Would you believe a pendulum clock that can keep time accurately to within one second per year? If you answered “yes”, you’ve either never tried to regulate a pendulum clock yourself, or you already know about the Shortt Clock. Getting an electromechanical device to behave so well, ticking accurately to within 0.03 parts per million, is no mean feat, and the Shortt clock was the first timekeeping device that actually behaves more regularly than the Earth itself.
[Matt Little] passed us this link to an interesting technical writeup (PDF) of the clock. The trick behind the most accurate pendulum clock is that it actually has two pendulums (pendula?). One, enclosed in a metal cylinder held at a decent vacuum, keeps time but doesn’t do any mechanical work at all. Instead, through a series of mechanisms that are designed to alter the pendulum’s swing as little as possible, it sends an electrical signal every 30 seconds and kicks the slave clock which is purposely designed to run a little bit slowly. The slave clock is then free to do heavy lifting like move clock hands.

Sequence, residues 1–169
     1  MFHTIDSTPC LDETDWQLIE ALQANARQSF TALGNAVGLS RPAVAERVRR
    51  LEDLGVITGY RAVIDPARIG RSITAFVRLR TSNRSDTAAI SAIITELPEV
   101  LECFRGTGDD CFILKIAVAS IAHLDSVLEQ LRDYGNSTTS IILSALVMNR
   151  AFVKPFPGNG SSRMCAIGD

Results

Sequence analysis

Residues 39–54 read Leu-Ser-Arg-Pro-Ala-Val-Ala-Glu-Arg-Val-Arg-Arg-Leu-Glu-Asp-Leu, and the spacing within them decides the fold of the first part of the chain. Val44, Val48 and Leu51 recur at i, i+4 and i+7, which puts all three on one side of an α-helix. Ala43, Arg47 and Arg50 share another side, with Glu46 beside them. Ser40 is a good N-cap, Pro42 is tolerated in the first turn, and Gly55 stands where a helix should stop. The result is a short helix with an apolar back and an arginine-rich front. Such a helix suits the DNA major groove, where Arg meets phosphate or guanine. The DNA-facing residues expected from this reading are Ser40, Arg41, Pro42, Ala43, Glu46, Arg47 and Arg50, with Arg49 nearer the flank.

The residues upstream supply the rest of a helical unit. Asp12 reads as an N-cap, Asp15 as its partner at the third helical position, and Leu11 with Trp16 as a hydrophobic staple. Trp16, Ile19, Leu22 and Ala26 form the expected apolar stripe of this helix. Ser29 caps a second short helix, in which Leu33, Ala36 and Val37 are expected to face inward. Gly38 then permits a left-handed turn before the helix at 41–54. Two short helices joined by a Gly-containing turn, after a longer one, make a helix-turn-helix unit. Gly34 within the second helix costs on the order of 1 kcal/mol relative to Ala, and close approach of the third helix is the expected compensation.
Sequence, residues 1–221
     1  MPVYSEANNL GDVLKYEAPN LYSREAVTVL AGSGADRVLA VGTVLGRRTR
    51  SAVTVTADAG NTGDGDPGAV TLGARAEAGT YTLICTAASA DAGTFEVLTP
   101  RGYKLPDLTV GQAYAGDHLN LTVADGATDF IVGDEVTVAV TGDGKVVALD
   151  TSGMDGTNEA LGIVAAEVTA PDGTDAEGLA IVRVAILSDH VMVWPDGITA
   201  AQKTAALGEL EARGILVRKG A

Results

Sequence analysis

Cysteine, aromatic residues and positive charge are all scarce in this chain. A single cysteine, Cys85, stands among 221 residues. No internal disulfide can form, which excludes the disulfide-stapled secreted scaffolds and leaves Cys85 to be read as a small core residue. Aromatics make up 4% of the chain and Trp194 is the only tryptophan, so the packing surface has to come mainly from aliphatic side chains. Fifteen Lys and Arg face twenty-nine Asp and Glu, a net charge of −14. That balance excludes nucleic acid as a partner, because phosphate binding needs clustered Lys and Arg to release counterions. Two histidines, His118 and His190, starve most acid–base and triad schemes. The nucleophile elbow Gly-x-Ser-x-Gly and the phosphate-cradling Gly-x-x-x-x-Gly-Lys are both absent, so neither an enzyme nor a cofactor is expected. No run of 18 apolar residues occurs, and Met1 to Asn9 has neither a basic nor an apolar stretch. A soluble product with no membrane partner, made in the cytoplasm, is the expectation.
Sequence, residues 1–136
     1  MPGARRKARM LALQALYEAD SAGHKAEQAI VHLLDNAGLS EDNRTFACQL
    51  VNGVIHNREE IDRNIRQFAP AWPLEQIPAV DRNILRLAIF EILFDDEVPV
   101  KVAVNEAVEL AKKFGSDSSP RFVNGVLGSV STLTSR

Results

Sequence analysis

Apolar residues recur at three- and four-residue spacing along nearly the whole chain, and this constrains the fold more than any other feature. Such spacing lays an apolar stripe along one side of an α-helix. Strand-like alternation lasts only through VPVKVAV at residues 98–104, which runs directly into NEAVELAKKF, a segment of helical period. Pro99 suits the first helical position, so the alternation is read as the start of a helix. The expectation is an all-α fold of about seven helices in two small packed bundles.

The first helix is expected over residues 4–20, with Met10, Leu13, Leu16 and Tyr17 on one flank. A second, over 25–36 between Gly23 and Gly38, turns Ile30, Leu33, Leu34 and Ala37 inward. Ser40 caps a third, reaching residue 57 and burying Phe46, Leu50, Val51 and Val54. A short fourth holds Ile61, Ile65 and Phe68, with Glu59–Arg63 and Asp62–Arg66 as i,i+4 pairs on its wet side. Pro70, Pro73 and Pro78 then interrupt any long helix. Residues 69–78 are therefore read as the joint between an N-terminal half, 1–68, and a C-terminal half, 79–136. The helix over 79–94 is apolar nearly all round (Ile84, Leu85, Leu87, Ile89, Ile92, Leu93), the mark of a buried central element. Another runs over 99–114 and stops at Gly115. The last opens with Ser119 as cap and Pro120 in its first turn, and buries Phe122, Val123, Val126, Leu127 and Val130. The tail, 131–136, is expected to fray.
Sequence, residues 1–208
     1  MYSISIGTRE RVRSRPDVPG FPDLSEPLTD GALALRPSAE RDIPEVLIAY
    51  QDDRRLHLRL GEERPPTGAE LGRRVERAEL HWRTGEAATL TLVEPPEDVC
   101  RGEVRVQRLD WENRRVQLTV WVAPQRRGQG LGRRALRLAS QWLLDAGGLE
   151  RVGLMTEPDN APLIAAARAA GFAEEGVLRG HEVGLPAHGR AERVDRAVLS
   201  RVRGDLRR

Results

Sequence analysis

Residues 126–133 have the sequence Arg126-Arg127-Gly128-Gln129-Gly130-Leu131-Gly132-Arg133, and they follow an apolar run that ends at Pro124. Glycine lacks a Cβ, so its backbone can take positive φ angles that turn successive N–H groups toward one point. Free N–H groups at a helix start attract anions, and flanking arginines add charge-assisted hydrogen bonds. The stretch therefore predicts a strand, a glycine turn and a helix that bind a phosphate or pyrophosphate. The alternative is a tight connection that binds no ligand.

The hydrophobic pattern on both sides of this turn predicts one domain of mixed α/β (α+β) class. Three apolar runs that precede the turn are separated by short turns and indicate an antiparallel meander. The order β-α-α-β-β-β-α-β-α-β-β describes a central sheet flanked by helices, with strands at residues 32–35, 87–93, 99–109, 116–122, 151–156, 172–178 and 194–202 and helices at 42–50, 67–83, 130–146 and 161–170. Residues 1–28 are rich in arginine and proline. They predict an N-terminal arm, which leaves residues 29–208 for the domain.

The cool part of the article comes when the author gets to shine a light on a mirror on the master pendulum, and compare its behavior to modern ultra-high precision clock sources. There’s a lot of what looks to be random noise in the clock’s periodicity, but the biggest contributors turn out to have physical origins: the tidal pull of the moon (obvious) and the sun (what?) change the local gravity enough to leave their mark.
If you can’t get enough Shortt clocks, look at the Wikipedia entry on the device, or check out this private collector’s website for pretty pictures, including the one used in the banner image. Or if your tastes run more toward the modern cyberpunk atomic clock, we’ll just leave this link here.